Monday, April 15, 2013

Abortion's Stranglehold on the (Formerly) Free Press

In 2011, the journalist Mara Hvistendahl published Unnatural Selection: Choosing Boys Over Girls, and the Consequences of a World Full of Men, detailing the societal effects of sex-selective abortions that target women the world over and resulted in the absence of perhaps more than 100 million girls who by now should have been born. But Hvistendahl soon learned the downside to uncovering what many believe to be a shocking trend in human rights offenses: people will want to do something about it. And so she lashed out, declaring that “anti-abortion activists have been at work in a disingenuous game, using the stark reduction of women in the developing world” to argue for pro-life policies that could save those women.

Hvistendahl’s plaint recalled the incredible work of Edwin Black, most notably his book War Against the Weak, which detailed the role American eugenics played in the monstrous ethnic cleansing in Europe in the 20th century culminating in the Holocaust. One of the most important personalities in this terrible saga was the eugenicist Margaret Sanger, who founded Planned Parenthood. Yet like Hvistendahl, Black was concerned about the implications of what he had uncovered. In the introduction, he writes: “Opponents of a woman’s right to choose could easily seize upon Margaret Sanger’s eugenic rhetoric to discredit the admirable work of Planned Parenthood today; I oppose such misuse.”

But what Black and Hvistendahl betray in their defensiveness is an awareness that an ideology that supports unlimited (or practically unlimited) abortion has consequences, and those consequences are exacerbated immensely by the fact that the supposedly “progressive” practitioners of such an ideology resort to the denial of human life where it obviously exists. To dehumanize is to invite a world of trouble…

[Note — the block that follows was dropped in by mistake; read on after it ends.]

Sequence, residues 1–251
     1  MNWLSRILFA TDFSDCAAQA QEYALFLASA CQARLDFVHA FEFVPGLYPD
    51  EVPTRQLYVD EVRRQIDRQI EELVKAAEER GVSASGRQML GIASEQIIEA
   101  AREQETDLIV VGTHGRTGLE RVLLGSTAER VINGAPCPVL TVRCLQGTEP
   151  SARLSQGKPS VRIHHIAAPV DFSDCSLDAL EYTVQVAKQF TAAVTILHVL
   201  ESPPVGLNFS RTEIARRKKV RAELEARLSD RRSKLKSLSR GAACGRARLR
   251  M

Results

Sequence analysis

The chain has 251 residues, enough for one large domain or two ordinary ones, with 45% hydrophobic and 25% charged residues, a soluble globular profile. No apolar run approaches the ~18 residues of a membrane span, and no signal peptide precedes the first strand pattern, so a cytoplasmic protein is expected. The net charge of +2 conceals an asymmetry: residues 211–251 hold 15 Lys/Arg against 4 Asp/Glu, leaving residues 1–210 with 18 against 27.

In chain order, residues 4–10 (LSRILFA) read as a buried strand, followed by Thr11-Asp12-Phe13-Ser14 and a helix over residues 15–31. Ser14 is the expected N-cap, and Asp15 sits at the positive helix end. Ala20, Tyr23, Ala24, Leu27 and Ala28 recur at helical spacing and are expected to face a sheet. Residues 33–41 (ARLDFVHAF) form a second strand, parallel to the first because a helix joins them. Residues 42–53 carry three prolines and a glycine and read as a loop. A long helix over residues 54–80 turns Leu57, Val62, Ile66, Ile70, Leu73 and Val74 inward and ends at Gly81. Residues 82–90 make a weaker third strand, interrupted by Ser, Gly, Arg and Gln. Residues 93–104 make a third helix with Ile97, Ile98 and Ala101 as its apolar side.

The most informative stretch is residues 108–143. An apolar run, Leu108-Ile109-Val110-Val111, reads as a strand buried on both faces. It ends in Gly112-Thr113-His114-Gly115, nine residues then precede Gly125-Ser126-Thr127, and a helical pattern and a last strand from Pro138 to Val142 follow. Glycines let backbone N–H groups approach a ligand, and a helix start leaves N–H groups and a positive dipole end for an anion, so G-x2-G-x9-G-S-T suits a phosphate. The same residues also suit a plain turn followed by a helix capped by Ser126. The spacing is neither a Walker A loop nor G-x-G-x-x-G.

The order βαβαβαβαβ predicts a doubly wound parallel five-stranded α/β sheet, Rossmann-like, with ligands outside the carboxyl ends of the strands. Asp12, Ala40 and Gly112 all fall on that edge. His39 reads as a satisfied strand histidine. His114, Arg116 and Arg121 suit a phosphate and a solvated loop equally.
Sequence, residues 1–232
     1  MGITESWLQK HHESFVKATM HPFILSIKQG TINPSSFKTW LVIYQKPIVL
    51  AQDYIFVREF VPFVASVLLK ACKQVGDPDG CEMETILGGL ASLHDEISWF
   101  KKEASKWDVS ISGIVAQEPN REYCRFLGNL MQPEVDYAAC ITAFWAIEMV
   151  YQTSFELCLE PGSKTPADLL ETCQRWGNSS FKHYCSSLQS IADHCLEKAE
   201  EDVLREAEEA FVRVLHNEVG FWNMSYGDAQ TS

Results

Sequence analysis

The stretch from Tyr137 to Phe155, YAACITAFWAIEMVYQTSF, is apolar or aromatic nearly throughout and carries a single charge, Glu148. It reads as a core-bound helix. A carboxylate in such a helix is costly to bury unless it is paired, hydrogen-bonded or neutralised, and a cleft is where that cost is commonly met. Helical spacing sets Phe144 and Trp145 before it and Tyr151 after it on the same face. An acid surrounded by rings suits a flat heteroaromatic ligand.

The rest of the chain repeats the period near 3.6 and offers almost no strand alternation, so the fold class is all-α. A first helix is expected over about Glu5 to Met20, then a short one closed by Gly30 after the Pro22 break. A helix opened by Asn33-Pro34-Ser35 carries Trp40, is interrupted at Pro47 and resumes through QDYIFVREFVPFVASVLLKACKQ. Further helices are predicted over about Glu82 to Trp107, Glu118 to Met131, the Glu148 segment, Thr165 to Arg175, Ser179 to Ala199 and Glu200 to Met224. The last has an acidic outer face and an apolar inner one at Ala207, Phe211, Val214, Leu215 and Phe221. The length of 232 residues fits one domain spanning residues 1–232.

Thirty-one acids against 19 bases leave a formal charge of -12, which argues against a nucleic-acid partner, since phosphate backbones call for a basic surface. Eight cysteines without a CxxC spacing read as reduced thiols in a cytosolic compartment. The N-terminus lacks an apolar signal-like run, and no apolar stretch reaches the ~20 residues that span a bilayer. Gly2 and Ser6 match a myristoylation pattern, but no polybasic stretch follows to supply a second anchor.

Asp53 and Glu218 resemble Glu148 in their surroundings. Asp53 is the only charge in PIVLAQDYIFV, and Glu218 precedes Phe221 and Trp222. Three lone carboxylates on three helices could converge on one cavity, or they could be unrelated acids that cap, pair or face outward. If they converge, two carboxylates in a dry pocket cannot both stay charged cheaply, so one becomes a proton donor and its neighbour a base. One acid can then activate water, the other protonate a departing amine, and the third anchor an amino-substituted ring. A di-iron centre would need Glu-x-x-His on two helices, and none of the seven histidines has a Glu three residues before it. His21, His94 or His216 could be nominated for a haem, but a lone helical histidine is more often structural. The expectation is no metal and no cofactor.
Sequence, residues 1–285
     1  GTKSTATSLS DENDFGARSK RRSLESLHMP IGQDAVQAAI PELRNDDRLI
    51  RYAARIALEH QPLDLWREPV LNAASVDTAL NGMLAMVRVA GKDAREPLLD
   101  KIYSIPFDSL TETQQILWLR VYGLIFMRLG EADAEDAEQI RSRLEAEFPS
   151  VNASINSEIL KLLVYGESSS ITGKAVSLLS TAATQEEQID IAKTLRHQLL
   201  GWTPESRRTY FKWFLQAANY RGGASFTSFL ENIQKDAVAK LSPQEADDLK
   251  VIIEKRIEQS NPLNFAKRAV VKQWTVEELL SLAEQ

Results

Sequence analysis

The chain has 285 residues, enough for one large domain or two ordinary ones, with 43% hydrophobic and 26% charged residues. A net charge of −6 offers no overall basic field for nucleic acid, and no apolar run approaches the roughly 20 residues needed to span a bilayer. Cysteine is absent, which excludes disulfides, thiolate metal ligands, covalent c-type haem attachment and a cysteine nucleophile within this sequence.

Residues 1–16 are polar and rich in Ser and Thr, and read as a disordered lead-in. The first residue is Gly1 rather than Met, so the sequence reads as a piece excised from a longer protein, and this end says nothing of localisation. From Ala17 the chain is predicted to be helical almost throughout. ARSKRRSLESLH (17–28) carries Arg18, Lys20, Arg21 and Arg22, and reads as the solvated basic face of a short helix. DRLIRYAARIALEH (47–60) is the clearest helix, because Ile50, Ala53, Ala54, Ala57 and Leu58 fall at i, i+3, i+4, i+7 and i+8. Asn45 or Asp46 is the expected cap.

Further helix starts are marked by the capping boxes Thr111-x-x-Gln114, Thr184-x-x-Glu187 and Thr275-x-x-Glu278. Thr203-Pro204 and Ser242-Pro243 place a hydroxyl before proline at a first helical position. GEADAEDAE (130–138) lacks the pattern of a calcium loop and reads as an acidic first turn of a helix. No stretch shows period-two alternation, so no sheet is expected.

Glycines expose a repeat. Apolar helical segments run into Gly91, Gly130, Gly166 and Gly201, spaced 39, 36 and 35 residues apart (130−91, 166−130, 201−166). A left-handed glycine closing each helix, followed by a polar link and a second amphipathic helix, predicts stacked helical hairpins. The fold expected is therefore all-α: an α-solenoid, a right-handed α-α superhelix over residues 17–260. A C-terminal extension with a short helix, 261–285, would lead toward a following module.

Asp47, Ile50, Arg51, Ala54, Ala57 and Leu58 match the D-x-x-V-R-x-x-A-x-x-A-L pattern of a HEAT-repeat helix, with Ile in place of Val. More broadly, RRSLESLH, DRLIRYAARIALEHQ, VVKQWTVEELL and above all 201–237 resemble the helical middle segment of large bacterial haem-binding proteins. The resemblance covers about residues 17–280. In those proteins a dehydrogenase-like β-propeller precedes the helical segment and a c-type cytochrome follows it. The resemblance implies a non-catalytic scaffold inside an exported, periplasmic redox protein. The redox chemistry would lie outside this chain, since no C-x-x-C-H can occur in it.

You may not have heard much about Kermit Gosnell’s case. That’s because the mainstream press has chosen by and large to ignore it. There is no area of American politics in which the press is more activist or biased or unethical than social issues, the so-called culture wars. And the culture of permissive abortion they favor has consequences, which they would rather not look squarely at, thank you very much…

The above comments (excellent ones, at that) come from Seth Mandel in his latest column for Commentary, "Why They Won’t Talk About Kermit Gosnell." Also, Mandel's article cites another very illuminating one about the outrageous media blackout of the Gosnell trial written by Kirsten Powers.

UPDATE: See also "Why Kermit Gosnell hasn’t been on Page One" by Melinda Henneberger.